Another state that mimics the consciousness disorder states is the "locked-in" syndrome. In this state, patients are conscious but cannot respond to stimuli. They may respond visually and answer questions through eye blinking. This syndrome needs to be ruled out before a diagnosis can be made.
• Hold team meetings and talk with the family. Once a patient is referred to the hospital and is a candidate for the response enhancement program, the rehab team meets and conducts a comprehensive evaluation of the patient with all team members present. That way, everyone who will be treating the patient can see which behaviors the patient exhibits, if any. "Also, the team leader will do a family interview to determine a variety of things about the patient, such as the patient’s likes and preferences and dislikes," Beaulieu says. "So when we administer stimuli like music, we can play something the patient favored as opposed to something the patient disliked."
The team leader also finds out what smells are familiar to the patient and what type of textures the patient likes. The family is asked to bring in photos of family members and discuss any nicknames to which the patient might respond.
"We build these into what we do with the patient on a day-to-day basis," Beaulieu says.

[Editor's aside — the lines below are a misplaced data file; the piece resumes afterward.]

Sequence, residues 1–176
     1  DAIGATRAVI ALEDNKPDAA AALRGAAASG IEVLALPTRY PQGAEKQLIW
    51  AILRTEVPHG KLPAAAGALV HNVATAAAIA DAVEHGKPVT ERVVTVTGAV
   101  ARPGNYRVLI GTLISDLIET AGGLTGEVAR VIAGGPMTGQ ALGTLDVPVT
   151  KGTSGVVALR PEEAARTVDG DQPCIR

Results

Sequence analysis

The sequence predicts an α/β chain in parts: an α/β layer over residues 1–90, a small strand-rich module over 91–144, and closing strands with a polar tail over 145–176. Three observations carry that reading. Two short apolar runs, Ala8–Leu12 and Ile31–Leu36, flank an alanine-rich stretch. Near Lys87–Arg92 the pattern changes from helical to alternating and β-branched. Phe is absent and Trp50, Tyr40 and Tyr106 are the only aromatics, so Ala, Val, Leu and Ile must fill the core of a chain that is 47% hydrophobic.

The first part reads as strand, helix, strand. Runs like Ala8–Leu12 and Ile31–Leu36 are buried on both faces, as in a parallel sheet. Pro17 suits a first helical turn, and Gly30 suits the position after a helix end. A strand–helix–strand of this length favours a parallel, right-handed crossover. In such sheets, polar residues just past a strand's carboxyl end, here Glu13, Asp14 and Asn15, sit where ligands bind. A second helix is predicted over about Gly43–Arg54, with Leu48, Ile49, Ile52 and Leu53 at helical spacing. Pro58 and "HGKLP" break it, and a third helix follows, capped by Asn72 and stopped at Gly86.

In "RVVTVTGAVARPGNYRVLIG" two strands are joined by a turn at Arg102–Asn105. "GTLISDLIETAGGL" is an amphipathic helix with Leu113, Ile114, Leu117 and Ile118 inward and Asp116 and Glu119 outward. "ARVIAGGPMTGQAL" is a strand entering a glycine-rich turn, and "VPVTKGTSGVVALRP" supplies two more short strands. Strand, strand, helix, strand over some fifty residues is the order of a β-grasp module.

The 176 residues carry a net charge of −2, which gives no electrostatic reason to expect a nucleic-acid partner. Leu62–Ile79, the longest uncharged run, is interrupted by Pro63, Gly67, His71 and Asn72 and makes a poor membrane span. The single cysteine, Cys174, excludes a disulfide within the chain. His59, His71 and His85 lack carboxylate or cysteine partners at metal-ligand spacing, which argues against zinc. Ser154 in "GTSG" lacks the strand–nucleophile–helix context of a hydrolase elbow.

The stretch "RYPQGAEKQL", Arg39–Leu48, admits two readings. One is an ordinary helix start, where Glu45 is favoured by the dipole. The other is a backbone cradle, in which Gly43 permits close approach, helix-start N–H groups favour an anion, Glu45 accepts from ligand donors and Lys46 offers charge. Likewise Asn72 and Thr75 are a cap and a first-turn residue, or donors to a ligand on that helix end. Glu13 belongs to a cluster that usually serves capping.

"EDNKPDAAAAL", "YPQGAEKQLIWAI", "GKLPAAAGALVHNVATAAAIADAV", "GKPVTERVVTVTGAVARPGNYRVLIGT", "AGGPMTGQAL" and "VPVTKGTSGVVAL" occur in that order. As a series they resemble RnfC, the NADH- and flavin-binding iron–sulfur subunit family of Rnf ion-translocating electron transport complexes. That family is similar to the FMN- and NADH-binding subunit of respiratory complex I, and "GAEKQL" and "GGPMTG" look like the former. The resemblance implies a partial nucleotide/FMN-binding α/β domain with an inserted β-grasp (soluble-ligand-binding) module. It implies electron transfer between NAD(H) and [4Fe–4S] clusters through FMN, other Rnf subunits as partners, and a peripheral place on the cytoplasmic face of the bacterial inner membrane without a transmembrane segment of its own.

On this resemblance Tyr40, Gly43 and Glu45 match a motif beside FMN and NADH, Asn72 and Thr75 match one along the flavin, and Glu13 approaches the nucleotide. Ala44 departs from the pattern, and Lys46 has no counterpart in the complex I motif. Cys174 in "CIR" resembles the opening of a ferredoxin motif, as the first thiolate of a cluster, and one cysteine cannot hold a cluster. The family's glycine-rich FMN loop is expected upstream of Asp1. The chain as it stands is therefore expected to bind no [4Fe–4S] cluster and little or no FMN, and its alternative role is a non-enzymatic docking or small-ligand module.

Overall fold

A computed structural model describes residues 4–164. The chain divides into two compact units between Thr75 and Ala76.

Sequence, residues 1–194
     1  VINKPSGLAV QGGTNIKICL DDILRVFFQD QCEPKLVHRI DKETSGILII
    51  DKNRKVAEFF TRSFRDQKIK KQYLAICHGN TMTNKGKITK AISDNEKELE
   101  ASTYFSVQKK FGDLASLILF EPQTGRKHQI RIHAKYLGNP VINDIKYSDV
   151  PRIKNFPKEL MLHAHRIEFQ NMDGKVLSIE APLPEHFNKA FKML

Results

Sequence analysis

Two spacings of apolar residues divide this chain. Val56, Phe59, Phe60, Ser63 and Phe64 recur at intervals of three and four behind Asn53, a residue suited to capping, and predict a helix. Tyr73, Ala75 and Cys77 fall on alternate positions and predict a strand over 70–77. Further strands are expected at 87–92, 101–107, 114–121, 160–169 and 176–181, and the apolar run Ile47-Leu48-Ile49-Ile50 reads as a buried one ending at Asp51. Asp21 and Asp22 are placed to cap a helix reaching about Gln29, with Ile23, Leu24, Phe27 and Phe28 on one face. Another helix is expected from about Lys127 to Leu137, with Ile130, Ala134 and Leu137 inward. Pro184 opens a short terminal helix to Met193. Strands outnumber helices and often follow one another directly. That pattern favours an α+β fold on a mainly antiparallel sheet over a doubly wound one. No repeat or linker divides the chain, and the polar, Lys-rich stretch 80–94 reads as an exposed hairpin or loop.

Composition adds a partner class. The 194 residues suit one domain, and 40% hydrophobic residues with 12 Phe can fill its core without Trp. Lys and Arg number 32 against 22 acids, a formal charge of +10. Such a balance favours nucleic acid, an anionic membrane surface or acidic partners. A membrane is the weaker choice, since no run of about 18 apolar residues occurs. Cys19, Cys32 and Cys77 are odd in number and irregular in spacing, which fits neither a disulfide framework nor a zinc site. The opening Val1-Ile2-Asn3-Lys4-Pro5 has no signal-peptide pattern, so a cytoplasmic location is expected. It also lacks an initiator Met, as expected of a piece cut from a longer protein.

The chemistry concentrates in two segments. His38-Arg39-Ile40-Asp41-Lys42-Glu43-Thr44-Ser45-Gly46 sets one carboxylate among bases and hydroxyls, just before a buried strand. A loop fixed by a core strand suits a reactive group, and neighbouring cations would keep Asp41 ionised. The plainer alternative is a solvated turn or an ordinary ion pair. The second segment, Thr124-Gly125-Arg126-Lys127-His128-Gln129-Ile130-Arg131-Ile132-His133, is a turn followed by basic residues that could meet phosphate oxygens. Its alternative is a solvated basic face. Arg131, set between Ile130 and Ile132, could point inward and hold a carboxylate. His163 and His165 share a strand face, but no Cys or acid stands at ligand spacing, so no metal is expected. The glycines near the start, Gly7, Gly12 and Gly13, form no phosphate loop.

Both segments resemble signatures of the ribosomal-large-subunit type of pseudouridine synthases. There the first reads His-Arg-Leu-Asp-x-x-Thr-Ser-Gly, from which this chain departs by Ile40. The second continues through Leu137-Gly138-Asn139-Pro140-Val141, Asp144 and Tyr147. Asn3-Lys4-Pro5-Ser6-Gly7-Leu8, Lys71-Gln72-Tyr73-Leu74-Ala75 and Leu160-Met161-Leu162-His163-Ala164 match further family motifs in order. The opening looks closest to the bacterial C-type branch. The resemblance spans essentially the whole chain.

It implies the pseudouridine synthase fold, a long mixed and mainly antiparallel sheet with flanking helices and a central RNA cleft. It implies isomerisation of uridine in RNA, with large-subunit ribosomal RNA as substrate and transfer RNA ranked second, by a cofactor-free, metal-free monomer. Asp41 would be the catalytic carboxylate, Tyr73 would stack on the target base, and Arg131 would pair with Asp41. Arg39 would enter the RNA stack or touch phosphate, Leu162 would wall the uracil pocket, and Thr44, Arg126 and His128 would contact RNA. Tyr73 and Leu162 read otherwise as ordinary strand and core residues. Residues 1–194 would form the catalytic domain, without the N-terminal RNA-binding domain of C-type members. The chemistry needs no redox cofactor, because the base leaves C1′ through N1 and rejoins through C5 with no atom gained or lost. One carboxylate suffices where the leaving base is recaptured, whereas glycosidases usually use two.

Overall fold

• Administer protocols. For the first week, the hospital has one therapist administer stimuli protocols in the morning and a different therapist administer them in the afternoon. That gives the team two sets of data per protocol per day, and the team can assess whether therapists are rating the patient consistently and whether there are differences in the morning and afternoon behaviors.
Beaulieu compares those data to what occurs the second week, analyzing whether the patient has made any progress or shown any change in consciousness level. "Depending on these analyses, we determine whether or not our recommendation is for a continued stay, or, if they have gone two to three weeks without any change, then we look at discharge placement. If they change from week to week, we argue with third-party payers to keep them there."
The team keeps the family informed each week of the patient’s prognosis and what it means. "So their hope is maintained, but they’re not given false or unrealistic expectations," she explains.
• Teach families to watch for change. The treatment team encourages families to watch therapists test the patient’s response, using stimula tion. The team teaches them how one type of hand twitching or grasping might be just a reflexive action, while another indicates a response to the stimuli. "We tell patients that when a patient responds, it’s more likely to be due to something the family has done rather than what we do, and that’s why we encourage family involvement," Beaulieu says.
Need More Information?
Cynthia Beaulieu, PhD, ABPP-Cn, Senior Clinical Neuropsychologist, Brooks Rehabilitation Hospital, 3599 University Blvd. S., Jacksonville, FL 32216. Phone: (904) 858-7744.